Saudis, Dependent on Migrants, Do Little to Fix Unemployment

Article Summary
Millions of foreign workers flocked to Saudi Arabia as it became one of the world's leading oil producers, often performing menial tasks for wages locals would not consider acceptable. Now companies are being encouraged by authorities to hire more locals, but Saudis are doing little to regain the labor force.

“Kick the foreign workers out of the Arabian peninsula!” This call, recently issued by a Saudi writer in the pages of the Al-Hayat newspaper, recommends a radical solution to the unemployment crisis now gripping the youth of the Kingdom of Saudi Arabia.

Foreign workers occupy critical positions all throughout the Saudi labor market. One finds workers coming from all corners of the earth to the hearts of bustling cities or to the outskirts of the desert in search of work or seeking to ply a trade.

You see them in the transit lines that connect the far flung regions of the Kingdom. You see them working at the gas stations, waiting tables at restaurants, working as janitors, teachers, nurses, doctors and engineers; as shoe-shiners, cell phone vendors, in every conceivable position with one exception: that of a beggar, with hand outstretched.

Saudi Arabia has known a tremendous influx of newcomers from abroad during its economic boom following the discovery of ‘’black gold” in the Kingdom. Millions have arrived, focused on the abundant job opportunities provided by all the economic expansion; from new factories to oil pumps to large corporations and institutions, all of which needed to be built up in the midst of an arid desert. 

Yet they didn’t find much enthusiasm among local inhabitants for working under the conditions it entailed. Desert construction required long hours in the suffocating heat, and for meager salaries unequal to the aspirations of those who owned this natural wealth.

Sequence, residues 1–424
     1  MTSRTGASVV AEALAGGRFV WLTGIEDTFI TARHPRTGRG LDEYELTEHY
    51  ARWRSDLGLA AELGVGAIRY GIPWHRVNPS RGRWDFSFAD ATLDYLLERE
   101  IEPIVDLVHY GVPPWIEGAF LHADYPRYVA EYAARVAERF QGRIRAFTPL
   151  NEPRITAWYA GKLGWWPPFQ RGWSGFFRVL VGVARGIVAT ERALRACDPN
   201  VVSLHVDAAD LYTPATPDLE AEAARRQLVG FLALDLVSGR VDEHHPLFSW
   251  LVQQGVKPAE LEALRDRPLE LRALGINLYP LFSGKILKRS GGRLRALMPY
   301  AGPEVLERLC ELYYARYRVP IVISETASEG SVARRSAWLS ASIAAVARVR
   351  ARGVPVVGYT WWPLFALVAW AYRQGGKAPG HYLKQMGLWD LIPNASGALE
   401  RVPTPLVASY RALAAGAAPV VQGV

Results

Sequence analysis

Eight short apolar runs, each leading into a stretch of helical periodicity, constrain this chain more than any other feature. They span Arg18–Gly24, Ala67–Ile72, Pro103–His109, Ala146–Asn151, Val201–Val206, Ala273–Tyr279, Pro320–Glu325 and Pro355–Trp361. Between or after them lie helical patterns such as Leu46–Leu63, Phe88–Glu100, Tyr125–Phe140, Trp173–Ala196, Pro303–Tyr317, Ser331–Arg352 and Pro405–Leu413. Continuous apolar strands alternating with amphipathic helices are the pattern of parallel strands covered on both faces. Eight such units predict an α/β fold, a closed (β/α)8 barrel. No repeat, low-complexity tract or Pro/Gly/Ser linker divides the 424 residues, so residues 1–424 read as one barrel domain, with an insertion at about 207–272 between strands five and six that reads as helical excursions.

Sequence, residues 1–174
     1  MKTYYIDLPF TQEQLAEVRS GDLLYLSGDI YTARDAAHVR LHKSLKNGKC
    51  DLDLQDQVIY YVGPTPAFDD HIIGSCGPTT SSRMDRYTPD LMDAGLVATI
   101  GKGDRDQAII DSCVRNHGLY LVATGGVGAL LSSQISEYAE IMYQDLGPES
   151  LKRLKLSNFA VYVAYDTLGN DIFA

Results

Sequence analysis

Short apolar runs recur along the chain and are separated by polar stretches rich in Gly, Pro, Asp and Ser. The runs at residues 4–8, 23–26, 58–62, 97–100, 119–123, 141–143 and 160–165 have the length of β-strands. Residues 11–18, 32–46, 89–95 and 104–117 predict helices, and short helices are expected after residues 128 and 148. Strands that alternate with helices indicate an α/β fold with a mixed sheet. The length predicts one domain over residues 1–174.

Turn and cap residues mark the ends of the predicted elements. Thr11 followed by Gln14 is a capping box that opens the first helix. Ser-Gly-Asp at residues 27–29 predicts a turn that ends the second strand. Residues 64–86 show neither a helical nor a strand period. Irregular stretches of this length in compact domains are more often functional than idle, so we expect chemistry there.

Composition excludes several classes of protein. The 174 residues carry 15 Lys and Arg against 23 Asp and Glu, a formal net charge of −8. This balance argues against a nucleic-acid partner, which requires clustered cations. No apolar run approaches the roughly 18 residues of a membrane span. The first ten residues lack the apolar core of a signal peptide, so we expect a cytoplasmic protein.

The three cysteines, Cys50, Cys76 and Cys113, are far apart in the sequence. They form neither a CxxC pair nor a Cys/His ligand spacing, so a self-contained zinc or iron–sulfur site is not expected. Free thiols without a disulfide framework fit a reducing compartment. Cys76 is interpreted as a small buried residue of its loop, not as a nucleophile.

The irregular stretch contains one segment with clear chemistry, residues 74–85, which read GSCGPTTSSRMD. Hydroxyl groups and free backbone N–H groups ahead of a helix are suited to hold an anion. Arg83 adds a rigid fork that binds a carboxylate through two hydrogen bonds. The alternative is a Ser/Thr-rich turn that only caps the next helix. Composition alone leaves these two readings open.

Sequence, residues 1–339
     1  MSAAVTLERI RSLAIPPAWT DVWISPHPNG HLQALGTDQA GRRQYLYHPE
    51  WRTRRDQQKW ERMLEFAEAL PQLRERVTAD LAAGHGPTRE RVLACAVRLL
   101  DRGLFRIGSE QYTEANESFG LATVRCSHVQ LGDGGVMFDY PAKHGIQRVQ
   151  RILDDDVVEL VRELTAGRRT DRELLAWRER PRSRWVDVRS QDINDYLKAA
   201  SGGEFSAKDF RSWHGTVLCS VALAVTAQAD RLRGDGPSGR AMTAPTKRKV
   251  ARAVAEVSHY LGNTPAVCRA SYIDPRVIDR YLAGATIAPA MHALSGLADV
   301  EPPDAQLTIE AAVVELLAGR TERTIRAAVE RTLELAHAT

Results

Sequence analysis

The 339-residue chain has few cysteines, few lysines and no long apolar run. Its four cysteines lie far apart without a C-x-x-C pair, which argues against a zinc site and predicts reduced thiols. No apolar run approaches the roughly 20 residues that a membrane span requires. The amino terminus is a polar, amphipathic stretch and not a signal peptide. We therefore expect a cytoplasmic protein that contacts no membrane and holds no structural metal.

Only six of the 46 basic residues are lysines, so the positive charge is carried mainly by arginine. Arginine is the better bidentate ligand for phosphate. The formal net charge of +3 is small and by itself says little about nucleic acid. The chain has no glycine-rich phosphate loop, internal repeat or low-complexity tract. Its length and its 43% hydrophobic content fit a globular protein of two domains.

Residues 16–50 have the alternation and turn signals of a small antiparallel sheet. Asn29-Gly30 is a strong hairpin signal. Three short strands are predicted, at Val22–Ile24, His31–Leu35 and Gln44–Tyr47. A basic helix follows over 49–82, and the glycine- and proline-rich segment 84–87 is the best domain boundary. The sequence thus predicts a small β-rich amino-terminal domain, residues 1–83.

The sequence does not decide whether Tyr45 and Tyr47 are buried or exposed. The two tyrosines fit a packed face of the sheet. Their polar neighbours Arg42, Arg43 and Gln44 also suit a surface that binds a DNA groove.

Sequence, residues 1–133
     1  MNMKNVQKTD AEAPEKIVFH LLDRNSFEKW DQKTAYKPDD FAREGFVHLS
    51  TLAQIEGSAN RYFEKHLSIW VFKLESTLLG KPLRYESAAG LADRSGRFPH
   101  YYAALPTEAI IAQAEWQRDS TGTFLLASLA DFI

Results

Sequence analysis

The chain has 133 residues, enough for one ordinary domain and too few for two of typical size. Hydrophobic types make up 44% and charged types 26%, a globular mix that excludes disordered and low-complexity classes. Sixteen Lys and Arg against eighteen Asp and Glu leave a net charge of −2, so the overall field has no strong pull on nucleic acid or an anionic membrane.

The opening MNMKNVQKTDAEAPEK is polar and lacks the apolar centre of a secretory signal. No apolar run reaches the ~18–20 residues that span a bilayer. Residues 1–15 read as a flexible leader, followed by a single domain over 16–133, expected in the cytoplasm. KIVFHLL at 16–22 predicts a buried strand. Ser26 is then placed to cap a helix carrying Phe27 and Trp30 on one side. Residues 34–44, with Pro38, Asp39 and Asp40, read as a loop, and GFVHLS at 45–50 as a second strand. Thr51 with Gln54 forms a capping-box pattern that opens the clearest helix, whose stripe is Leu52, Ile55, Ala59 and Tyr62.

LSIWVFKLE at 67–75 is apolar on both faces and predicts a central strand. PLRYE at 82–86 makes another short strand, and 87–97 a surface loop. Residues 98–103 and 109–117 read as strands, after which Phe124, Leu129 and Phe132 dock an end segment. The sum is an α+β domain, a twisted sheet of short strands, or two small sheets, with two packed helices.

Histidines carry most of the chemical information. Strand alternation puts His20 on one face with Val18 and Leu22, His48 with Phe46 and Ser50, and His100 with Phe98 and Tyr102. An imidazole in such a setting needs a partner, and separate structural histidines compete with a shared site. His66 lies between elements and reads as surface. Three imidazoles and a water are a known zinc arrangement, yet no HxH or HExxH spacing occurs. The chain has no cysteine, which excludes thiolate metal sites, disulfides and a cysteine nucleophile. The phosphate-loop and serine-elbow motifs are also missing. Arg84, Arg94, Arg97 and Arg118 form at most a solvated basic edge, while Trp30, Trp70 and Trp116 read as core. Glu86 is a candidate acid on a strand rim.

A solution was needed. Legally or not, foreign workers were recruited who knew how to accomplish the tasks that their employers and investors wanted accomplished — workers who knew how to work in silence, who would undertake the most daunting of jobs for the most meager of wages. Their numbers rapidly expanded until they came to constitute over one-third of the Kingdom’s 30 million inhabitants. The professions they work in have become so dependent on foreign labor that it is not possible for Saudis to replace them.

The excessive reliance on foreign workers has not benefited Saudi Arabia in the least. Apart from their taking hold of the opportunities made available to them, foreign workers present stiff competition to local workers.

Their incomes depart the country in the form of remittances (estimated at over 140 billion Riyals annually) to their native countries, without contributing so much as a penny to Saudi coffers. Saudi Arabia does not have an income tax, and the government subsidizes basic commodities like food and fuel, which benefit both citizens and non-citizen residents alike.

Another flaw lies in the Saudi working culture, which holds some professions in extremely low esteem, and whose practitioners are subjected to various humiliations by their fellows from the same tribe, clan or even family.

This stigma attaching to native Saudis seeking these jobs leads to a reluctance among employers to hire them. Saudis, by and large, will not tolerate either long working hours or minimal wages, and they have a tendency towards conspicuous consumption.

Foreign manual labor, by contrast, is inexpensive, efficient and knows the needs of the market.

Foreign workers came before the formula of supply and demand had hardened and broken their spirits. As a result, Saudis have gradually been removed from the foundations of their national economy only to find themselves — after more than 50 years — unable to create space for themselves within their own country, unable to do the most basic kinds of work.